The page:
What is a leggy plant?
A leggy plant is one that’s got a lot more stem than leaf. It’s not something you want to encourage, so find out how to correct it.
You may have heard a plant described as ‘leggy’ and wondered what it meant. It’s a common term for a plant that’s grown very tall, but with few leaves. For some plants, this is simply part of their nature, but it’s often a sign a plant isn’t getting enough light.
Let’s get into it properly.
Why do plants become leggy?
If a plant has become ‘leggy’ it usually means it’s growing so that it has really long stems, with just a few leaves on the top.
As plants grow they look for light. If they’re in a spot that’s bright enough for them they’ll be getting all the light they need and will grow normally. If they’re living in too little light they’ll start hunting for more.
Plants assume that they’ll find more light by growing straight up, because that’s where the sun should be, so they’ll grow long stems in an effort to reach the light. If they start bending over, it’s probably because they’re trying to grow toward a window.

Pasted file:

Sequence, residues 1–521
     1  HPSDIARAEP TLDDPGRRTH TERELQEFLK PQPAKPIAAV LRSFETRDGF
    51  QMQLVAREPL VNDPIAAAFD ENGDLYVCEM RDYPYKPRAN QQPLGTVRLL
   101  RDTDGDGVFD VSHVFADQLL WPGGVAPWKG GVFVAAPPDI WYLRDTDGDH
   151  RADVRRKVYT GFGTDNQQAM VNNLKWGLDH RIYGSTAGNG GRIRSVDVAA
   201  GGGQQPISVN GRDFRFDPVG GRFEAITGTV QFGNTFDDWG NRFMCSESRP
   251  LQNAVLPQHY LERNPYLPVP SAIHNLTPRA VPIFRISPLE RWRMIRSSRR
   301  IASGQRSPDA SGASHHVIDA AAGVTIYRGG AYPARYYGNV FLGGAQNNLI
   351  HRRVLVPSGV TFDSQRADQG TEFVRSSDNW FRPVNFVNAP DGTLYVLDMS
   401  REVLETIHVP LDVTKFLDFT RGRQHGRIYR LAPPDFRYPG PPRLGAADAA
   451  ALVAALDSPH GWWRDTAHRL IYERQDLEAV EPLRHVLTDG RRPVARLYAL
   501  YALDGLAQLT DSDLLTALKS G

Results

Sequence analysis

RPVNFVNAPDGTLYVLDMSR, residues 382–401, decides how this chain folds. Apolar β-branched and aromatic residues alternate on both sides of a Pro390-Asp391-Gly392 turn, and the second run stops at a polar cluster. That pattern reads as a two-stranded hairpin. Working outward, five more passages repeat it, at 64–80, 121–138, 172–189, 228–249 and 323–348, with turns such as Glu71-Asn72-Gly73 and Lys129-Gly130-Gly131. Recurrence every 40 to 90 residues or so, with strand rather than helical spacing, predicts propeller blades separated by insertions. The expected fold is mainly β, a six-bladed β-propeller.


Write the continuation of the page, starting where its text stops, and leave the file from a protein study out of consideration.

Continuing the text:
Is legginess always caused by light?
Not always. For indoor plants, it’s usually light. Some outdoor plants may become leggy if you don’t prune them yearly.
Each year, plants begin a new growth cycle. If you didn’t trim them back at the end of the last growth cycle, your plants may just carry on where they left off, growing new leaves on already long stems. Check your outdoor plant’s page to see if it needs yearly pruning.
Is legginess bad for your indoor plant?
Yes. It’s a sign your plant is desperate for light. If it stays in a spot where the light is too low it will become weak and may eventually die.
How do you stop leggy growth?
It’s really easy to stop a plant becoming leggy, or to help it stop creating more leggy growth: put it somewhere with the right level of light.
If a plant has become leggy, move it a little bit closer to a window. Don’t take it right from deep shade to bright sun – this will cause shock – but move it gradually. Keep an eye on its condition over several weeks and see if it improves.
Depending on the plant, you may also want to prune off leggy stems, so the plant can put its energy into new growth.
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